Directed by Paul Hyett.
Starring Michael Ironside, Rosie Day, Clare Higgins, Hannah Arterton, Ciarán McMenamin, and Dilan Gwyn.
A young woman about to be executed for being a witch is saved by a nun and sent to a convent to repent, only there is a greater evil lurking within the convent walls.
More often than not, the shared experience of watching a movie on a big screen with an audience can elevate a film from mediocre to something more enjoyable, even if technically the film is not great; see any number of low-budget slashers shown at a festival for proof. However, occasionally the opposite is true and a movie that failed to have much impact on the big screen can work better in a more intimate setting, the chills creeping in when you’re sat in a dark room on your own watching it on a small(er) screen. This was the hope going in to watch Heretiks on DVD after seeing it at FrightFest last year.
And as a horror movie to watch late at night when the lights are off Heretiks does have atmosphere, the gloomy 17th century setting perfectly captured by some creepy establishing shots of the convent where the bulk of the story takes place and the interior scenes being very dark and almost clammy thanks to some authentic set dressing. Heretiks also benefits from a brilliant anchoring performance by Clare Higgins (Hellraiser) as the Reverend Mother, both chilling and heroic (in the broader sense of the word) at the same time and with the Reverend Mother being the closest to a fully developed character on the screen, Ms. Higgins brings considerable weight with her performance, perhaps spurred on by her previous genre work and tapping into that vibe but it works and whenever she is on-screen the film seems to step up a gear.
But the flaws that made Heretiks a bit of a disappointment on its festival debut are still problematic on the small screen; less so, but they are still there. Apart from the Reverend Mother, the other characters in the movie are all paper-thin and underwritten to the point where they are fairly interchangeable. Hannah Arterton (Walking on Sunshine) plays Persephone, a young woman accused of witchcraft by the local magistrate (played for some reason by the legendary Michael Ironside, who only appears for a couple of minutes at the beginning and is never seen again) but is given a chance of redemption by the Reverend Mother and taken to the local convent, but as the lead character she is fairly drab and once at the convent she blends in with the other characters to the point where it is hard to work out who is doing what at any given time. There is a ‘lady in black’ character who pops up to provide exposition to Ellis (Freddy Carter – Wonder Woman), a local lad who makes deliveries to the convent, but both of those characters feel unnecessary as anything they say or do rarely results in anything significant.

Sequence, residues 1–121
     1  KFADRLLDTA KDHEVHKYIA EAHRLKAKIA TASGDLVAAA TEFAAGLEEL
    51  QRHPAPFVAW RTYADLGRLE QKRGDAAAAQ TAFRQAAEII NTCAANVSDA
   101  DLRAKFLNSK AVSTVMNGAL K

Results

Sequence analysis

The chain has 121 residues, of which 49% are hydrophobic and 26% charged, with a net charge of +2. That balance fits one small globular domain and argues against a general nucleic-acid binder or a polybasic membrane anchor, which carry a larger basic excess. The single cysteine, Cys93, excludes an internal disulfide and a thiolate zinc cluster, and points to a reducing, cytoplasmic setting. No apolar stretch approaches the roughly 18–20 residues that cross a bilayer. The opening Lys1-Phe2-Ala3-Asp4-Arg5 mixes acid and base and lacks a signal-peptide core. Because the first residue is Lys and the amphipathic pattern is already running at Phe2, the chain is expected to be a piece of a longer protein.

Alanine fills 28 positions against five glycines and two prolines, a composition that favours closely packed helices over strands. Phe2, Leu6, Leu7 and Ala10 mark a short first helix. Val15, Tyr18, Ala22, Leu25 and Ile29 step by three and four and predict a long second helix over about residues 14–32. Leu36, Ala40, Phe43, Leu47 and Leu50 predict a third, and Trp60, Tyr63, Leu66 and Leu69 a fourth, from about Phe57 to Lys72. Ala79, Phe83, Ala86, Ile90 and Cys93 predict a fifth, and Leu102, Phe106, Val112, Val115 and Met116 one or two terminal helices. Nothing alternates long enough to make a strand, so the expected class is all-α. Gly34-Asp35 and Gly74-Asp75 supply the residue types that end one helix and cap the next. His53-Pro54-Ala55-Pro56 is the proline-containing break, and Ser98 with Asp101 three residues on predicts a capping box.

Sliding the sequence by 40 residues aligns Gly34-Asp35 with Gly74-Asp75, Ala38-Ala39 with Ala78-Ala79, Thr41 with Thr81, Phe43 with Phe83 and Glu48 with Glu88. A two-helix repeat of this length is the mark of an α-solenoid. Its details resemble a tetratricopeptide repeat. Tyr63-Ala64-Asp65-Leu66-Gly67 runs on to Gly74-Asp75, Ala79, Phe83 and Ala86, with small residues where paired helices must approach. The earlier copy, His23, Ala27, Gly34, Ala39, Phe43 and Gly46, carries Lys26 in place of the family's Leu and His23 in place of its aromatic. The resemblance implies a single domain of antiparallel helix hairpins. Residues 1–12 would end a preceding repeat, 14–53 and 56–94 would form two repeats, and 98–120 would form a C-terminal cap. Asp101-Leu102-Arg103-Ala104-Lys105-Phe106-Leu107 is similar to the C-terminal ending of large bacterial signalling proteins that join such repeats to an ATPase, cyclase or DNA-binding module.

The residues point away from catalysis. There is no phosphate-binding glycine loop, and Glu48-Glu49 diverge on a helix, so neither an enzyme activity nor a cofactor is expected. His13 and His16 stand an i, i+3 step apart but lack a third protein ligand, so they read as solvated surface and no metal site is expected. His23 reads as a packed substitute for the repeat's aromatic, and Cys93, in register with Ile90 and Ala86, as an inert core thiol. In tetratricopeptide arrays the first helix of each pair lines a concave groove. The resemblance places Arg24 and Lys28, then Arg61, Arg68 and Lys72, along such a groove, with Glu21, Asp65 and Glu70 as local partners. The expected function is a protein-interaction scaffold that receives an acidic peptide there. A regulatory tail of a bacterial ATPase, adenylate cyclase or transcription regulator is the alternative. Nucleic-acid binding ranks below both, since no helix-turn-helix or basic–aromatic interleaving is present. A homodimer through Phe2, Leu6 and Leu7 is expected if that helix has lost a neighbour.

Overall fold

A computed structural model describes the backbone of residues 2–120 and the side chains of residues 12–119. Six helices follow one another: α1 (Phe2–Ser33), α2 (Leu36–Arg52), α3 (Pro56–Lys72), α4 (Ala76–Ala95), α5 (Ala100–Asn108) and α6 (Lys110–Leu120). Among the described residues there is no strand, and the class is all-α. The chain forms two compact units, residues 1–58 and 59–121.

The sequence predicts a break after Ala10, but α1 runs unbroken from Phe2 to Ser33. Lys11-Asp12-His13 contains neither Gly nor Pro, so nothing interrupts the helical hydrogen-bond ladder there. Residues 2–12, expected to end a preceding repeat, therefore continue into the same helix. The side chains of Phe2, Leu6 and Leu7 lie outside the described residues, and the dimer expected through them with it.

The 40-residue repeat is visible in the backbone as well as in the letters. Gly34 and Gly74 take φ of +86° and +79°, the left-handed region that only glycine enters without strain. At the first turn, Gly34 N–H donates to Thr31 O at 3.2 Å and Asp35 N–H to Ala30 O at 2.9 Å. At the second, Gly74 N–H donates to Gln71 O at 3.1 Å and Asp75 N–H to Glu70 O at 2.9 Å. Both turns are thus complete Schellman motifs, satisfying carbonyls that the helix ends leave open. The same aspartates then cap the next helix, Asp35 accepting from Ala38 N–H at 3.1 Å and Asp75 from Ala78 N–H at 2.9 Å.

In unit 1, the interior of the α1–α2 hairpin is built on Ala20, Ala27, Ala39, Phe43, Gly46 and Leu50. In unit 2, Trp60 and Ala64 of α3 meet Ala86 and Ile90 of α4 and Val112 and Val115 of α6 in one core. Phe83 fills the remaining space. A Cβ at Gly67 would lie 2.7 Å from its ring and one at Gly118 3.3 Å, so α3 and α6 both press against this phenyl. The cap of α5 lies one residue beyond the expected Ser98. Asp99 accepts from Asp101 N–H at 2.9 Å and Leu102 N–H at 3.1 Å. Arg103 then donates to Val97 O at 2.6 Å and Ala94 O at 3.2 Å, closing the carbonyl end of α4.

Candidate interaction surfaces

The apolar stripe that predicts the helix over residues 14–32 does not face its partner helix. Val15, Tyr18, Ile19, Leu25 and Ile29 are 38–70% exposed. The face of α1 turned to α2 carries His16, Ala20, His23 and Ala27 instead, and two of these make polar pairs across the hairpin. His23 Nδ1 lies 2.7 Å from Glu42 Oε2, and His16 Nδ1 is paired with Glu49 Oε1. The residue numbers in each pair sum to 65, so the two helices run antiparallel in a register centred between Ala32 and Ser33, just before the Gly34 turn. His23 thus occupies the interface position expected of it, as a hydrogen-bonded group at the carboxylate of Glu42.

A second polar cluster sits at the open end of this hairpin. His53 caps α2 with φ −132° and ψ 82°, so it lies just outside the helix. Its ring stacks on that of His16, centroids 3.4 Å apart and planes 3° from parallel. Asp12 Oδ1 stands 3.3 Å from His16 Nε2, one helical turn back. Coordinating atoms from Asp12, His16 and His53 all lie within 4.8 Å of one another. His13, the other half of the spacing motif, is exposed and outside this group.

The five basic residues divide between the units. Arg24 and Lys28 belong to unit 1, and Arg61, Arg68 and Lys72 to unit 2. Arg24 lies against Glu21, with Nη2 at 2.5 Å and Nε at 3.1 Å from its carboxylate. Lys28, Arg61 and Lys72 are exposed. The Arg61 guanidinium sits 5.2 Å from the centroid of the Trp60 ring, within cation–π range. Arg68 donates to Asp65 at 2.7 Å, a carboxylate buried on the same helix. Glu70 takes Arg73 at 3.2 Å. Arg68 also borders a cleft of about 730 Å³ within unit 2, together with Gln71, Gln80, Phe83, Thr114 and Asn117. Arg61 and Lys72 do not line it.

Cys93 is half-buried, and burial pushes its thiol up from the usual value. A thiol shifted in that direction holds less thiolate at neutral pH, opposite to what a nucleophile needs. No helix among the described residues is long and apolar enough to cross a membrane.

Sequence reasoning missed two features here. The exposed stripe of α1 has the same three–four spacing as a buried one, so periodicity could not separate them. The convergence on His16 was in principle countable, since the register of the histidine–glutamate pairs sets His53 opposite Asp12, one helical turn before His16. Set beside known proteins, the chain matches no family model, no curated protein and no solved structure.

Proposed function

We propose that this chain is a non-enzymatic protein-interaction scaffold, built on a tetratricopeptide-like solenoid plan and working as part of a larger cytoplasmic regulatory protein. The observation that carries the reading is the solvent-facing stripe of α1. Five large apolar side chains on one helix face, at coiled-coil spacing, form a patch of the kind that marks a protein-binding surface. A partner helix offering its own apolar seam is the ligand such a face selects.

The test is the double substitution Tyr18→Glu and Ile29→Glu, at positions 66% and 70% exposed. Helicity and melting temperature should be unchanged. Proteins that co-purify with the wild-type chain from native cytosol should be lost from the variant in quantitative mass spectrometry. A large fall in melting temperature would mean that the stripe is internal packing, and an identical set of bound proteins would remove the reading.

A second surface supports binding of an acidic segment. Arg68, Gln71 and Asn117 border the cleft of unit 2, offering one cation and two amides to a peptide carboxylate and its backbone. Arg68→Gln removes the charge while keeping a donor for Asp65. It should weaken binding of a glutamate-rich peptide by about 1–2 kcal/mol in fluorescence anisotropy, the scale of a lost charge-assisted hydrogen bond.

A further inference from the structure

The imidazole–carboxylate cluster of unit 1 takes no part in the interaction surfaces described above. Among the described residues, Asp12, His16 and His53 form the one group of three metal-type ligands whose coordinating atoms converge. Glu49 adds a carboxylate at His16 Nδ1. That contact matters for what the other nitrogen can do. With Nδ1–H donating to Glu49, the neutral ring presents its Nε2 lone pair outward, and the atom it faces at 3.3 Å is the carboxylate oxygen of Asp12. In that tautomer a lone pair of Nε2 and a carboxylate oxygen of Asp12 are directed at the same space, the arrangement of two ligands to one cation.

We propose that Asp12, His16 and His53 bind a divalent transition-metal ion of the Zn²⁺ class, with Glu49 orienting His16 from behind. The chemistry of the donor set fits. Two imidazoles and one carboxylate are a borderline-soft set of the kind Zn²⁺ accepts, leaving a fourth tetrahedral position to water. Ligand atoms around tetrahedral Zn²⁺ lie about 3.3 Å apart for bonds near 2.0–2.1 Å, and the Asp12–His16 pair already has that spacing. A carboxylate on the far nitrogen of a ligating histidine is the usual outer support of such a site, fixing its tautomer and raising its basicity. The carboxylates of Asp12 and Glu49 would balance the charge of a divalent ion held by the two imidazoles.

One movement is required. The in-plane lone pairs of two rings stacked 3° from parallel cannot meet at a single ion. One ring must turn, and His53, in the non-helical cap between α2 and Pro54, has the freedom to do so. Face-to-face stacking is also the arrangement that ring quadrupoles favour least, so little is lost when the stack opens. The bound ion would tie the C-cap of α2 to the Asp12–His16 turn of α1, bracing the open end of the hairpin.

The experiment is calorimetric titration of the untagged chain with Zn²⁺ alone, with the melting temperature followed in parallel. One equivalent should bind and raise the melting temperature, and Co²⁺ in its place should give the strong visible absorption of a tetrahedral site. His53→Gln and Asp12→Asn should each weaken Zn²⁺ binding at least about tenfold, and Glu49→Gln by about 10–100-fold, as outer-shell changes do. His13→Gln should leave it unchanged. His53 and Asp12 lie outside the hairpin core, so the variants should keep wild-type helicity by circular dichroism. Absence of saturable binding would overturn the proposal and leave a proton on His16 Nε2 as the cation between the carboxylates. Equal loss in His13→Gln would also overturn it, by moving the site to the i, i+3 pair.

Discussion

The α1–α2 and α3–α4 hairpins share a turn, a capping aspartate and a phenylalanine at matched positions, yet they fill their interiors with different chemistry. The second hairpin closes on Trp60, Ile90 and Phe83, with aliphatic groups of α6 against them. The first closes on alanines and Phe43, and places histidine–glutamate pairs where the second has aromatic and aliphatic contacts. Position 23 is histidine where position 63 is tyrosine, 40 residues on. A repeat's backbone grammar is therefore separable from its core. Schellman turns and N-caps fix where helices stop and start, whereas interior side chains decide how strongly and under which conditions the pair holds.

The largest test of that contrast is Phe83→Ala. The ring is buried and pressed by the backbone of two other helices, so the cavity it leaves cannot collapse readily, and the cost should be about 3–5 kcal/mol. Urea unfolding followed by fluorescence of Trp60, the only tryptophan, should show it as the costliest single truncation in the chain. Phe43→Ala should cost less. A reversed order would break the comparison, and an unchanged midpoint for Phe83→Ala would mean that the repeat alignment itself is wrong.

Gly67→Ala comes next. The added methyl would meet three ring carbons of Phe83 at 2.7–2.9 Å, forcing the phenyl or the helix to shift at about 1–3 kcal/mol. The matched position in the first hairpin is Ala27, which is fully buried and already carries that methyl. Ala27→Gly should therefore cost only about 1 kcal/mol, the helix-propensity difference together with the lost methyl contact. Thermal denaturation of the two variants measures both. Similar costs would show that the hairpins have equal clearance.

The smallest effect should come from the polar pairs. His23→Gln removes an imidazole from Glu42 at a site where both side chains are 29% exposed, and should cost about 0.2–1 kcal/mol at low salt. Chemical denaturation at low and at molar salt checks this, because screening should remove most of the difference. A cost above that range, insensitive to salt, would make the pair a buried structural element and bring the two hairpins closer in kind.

The main thrust of the story is that there is a great evil at work within the convent walls and for the first hour we get flashes of this by way of CG fire, the occasional jump scare and the usual Crazy Ralph-style warnings from the black-robed prophet of doom but there is very little in the way of excitement or tension, seeing as it is telegraphed early on that something evil is afoot. The final act ramps up the action a bit but when the film has a total running time of 77 minutes and you’ve spent the first 60 of those building towards something then you would expect nothing less, and despite there being some blood, more CG fire and lots of fancy dress store contact lenses Heretiks never really reaches a crescendo, rather it just sort of fizzes out. Given the plethora of cheap nunsploitation movies released in the shadow of The Nun there is a lot of competition for Heretiks to go up against, and whilst it was clearly made with good intentions and a bit of passion, the faux-Hammer Horror atmosphere and a wonderfully wicked performance from Clare Higgins aren’t enough to raise it above being – at best – average on an entertainment level and another title to tick off the list for nunsploitation obsessives.
Flickering Myth Rating – Film: ★ ★ / Movie: ★ ★